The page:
The cytoskeletal organization of breast carcinoma and fibroblast cells inside three dimensional (3-D) isotropic silicon microstructures

Mehdi Nikkhah, Jeannine S. Strobl, Raffaella De Vita, Masoud Agah

Research output: Contribution to journalArticle

64 Scopus citations

Abstract

Studying the cytoskeletal organization as cells interact in their local microenvironment is interest of biological science, tissue engineering and cancer diagnosis applications. Herein, we describe the behavior of cell lines obtained from metastatic breast tumor pleural effusions (MDA-MB-231), normal fibrocystic mammary epithelium (MCF10A), and HS68 normal fibroblasts inside three dimensional (3-D) isotropic silicon microstructures fabricated by a single-mask, single-isotropic-etch process. We report differences in adhesion, mechanism of force balance within the cytoskeleton, and deformability among these cell types inside the 3-D microenvironment. HS68 fibroblasts typically stretched and formed vinculin-rich focal adhesions at anchor sites inside the etched cavities. In contrast, MCF10A and MDA-MB-231 cells adopted the curved surfaces of isotropic microstructures and exhibited more diffuse vinculin cytoplasmic staining in addition to vinculin localized in focal adhesions. The measurement of cells elasticity using atomic force microscopy (AFM) indentation revealed that HS68 cells are significantly stiffer (p < 0.0001) than MCF10A and MDA-MB-231 cells. Upon microtubule disruption with nocodazole, fibroblasts no longer stretched, but adhesion of MCF10A and MDA-MB-231 within the etched features remained unaltered. Our findings are consistent with tensegrity theory. The 3-D microstructures have the potential to probe cytoskeletal-based differences between healthy and diseased cells that can provide biomarkers for diagnostics purposes.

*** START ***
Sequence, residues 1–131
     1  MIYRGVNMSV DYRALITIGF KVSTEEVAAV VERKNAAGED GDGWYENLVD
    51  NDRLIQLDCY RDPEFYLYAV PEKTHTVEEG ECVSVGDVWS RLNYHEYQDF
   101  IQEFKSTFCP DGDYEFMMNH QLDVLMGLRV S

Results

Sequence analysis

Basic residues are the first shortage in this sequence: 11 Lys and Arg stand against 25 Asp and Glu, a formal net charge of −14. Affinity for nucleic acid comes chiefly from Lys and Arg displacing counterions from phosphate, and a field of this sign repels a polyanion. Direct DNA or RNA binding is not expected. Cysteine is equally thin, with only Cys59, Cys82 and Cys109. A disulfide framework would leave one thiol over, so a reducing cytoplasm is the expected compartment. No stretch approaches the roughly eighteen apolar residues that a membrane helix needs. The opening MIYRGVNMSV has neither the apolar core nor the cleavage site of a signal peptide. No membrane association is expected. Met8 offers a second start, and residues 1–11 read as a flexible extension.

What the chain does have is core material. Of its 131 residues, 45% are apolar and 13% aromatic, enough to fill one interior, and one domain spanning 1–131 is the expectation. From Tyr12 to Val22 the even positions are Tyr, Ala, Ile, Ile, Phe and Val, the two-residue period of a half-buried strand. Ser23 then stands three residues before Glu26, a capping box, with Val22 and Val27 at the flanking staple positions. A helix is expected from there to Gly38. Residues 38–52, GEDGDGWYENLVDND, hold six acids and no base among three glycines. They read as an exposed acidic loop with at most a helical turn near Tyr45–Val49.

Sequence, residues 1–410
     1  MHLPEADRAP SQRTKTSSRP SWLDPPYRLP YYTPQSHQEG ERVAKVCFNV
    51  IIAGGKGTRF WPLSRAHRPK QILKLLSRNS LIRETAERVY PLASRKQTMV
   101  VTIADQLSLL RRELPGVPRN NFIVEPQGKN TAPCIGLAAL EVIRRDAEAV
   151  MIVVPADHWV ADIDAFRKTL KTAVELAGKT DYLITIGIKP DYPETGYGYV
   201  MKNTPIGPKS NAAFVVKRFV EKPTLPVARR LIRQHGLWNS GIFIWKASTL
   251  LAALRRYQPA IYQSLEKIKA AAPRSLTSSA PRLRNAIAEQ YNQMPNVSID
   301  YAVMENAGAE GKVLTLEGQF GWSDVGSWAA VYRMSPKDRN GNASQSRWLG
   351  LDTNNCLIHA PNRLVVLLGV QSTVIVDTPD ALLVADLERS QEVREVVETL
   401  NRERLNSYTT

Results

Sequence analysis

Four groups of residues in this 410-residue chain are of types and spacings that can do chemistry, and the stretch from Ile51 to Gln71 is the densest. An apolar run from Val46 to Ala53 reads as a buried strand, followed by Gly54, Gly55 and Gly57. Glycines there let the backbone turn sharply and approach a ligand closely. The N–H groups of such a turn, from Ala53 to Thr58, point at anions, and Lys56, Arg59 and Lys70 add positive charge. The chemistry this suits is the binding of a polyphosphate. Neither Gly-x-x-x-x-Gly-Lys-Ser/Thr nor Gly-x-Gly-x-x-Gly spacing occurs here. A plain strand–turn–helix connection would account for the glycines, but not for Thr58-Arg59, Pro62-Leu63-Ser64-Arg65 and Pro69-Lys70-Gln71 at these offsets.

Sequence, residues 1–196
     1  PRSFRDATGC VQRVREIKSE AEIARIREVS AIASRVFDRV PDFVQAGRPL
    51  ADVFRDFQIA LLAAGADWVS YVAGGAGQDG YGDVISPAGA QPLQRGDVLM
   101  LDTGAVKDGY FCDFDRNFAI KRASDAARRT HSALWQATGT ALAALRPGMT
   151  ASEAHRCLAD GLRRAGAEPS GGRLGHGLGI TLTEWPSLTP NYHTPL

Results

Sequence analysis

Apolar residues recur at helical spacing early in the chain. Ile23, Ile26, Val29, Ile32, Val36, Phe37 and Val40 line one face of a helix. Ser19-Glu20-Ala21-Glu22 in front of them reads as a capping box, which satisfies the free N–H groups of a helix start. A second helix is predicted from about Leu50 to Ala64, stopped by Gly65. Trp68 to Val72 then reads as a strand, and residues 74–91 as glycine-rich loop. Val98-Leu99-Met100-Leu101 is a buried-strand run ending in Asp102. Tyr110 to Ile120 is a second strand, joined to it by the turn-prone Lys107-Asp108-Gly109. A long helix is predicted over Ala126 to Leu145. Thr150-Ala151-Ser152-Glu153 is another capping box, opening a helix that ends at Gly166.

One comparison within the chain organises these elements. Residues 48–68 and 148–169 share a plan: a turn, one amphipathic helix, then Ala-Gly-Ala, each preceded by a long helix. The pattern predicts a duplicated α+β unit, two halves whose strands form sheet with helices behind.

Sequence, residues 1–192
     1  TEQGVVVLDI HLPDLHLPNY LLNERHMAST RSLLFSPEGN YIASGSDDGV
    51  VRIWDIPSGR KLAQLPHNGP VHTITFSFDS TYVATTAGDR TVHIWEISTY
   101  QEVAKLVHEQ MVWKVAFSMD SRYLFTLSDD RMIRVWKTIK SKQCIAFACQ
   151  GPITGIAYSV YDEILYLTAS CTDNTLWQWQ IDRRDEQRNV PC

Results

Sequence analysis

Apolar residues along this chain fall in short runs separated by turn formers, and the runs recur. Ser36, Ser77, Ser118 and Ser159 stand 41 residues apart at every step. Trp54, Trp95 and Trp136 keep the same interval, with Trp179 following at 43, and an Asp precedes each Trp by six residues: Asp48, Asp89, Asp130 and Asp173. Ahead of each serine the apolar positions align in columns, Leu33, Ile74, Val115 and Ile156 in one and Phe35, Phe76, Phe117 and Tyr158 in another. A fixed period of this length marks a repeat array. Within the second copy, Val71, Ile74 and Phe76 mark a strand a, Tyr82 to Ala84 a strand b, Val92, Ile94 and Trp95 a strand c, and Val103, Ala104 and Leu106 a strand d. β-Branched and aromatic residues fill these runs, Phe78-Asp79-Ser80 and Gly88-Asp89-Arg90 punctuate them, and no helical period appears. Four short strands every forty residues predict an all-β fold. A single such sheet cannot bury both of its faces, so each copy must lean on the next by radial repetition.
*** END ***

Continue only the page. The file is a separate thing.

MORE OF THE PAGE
Original languageEnglish (US)
Pages (from-to)4552-4561
Number of pages10
JournalBiomaterials
Volume31
Issue number16
DOIs
StatePublished - Jun 1 2010
Externally publishedYes

Keywords

  • AFM
  • Breast cancer
  • HS68 fibroblasts
  • Isotropic
  • MEMS
  • Silicon

ASJC Scopus subject areas

  • Bioengineering
  • Ceramics and Composites
  • Biophysics
  • Biomaterials
  • Mechanics of Materials

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